The University Strategy encompasses four core principles – collegiality, quality, internationalisation and sustainability. This panel considers working conditions in higher education and how they reflect these core principles. An intersectional perspective across race, class and gender; across different career stages; across different HE institutions and in a global perspective are of interest of staff and PhD students and will be presented and discussed at the event. Our panel below will each provide a short presentation before we open this up for a roundtable discussion.
Understanding minority ethnic flight from UK higher education
Kalwant Bhopal, Professor of Education and Social Justice, Southampton Education School
This presentation describes the experiences of BME academics who consider moving overseas for career opportunities. It explores the barriers that BME academics report in UK higher education, which affects their decisions for overseas higher education migration. The presentation will draw on research funded by the Equality Challenge Unit and suggests that BME academics were significantly more likely than White academics to have ever considered moving overseas. In contrast those who stay in the UK report barriers to career progression. The research concludes that significant change is needed in the UK higher education sector in order to retain BME academics.
Collegiality and ventriloquism in the accelerated academy
Bruce Macfarlane, Professor of Higher Education, Co-Director of CHES, Southampton Education School
Collegiality is one of the most symbolically significant values of the academic profession. Its different forms – structural, cultural and behavioral – are associated with academic self-governance and a wider ethic of care. But collegiality, understood as a behavioral norm, has been hollowed out in an increasingly individualized and performative academic environment. The idea of collegiality continues to be ventriloquised but the evidence suggests that commitment is weakening, undermining the moral infrastructure that has always relied on an invisible college of intellectual generosity.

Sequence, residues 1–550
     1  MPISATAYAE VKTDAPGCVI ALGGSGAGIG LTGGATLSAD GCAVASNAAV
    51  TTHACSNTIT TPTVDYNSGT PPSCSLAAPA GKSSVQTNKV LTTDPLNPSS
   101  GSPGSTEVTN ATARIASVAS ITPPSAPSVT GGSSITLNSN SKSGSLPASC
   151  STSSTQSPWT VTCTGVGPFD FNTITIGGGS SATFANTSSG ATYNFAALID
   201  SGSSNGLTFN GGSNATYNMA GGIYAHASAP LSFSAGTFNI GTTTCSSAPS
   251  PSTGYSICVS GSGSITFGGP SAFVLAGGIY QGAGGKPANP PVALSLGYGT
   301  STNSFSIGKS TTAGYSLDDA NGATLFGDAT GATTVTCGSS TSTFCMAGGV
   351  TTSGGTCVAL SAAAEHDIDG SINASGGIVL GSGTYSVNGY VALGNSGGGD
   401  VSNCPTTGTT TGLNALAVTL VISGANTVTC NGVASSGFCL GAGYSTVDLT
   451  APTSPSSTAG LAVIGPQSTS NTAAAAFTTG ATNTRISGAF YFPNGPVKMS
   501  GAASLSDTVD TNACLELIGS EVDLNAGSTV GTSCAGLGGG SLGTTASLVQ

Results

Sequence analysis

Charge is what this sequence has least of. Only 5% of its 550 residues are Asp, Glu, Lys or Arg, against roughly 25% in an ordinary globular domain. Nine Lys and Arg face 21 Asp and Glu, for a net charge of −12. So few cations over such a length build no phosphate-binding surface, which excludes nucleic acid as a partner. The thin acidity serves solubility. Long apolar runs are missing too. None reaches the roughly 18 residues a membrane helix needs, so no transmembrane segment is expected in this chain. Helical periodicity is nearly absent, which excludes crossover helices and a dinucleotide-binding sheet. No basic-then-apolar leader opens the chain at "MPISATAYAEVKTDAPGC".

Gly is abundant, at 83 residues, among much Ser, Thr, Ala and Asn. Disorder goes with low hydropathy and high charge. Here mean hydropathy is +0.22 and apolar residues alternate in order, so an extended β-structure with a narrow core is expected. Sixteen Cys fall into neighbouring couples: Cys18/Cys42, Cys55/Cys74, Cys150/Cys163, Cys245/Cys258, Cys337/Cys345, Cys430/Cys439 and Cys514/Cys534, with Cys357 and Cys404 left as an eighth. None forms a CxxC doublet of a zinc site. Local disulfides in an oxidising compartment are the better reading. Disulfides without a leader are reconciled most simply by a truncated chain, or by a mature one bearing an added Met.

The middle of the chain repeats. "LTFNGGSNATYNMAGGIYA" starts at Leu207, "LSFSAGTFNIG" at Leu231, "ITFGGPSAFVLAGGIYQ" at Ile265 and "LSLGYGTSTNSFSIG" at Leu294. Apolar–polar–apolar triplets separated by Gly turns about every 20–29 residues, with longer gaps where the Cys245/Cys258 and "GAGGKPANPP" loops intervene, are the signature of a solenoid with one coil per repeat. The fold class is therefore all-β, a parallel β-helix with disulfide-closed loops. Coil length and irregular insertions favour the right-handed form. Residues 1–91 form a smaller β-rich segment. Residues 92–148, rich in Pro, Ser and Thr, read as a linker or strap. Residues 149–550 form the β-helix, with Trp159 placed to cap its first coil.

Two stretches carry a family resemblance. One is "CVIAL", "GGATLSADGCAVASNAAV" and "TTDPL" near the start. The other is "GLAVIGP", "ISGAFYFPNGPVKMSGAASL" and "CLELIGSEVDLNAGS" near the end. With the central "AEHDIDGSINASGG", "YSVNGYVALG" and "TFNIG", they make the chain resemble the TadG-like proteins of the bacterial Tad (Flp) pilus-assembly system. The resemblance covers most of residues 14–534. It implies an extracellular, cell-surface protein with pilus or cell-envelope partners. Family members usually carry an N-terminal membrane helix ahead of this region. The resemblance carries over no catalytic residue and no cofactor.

The impact of job insecurity on research productivity
Eric Silverman, Senior Lecturer in Artificial Intelligence and Interactive Computing, School of Computing, Teeside University
For many early-career researchers in the UK, their working conditions are defined by the stress and uncertainty of life on successive fixed-term contracts. The sector-wide pressure to obtain research grants has led to an increasing reliance on postdocs to conduct research while more senior academics spend much of their time preparing bids. My colleagues and I have set out to investigate the connection between research funding systems and the career structures they incentivise, and preliminary results suggest that our current system is neither efficient in terms of return on investment, nor effective in producing a supportive working environment for postdocs.
Change? Are we really ready to embrace the Digital Workplace?
Fiona Harvey, ILIad and UCU Equality Officer
We live in a world connected through physical and virtual networks and access to technology to connect around the world in seconds, through video, podcast and text. How ready are we to take advantage of this flexibility? How open are we to embrace the digital world? The talk aims to answer these questions from a variety of perspectives viewed through a digital literacies lens. It will focus on equality and transparency as well as the values of the university. What are the barriers to change and what can we do to support an agile, open and collegiate environment?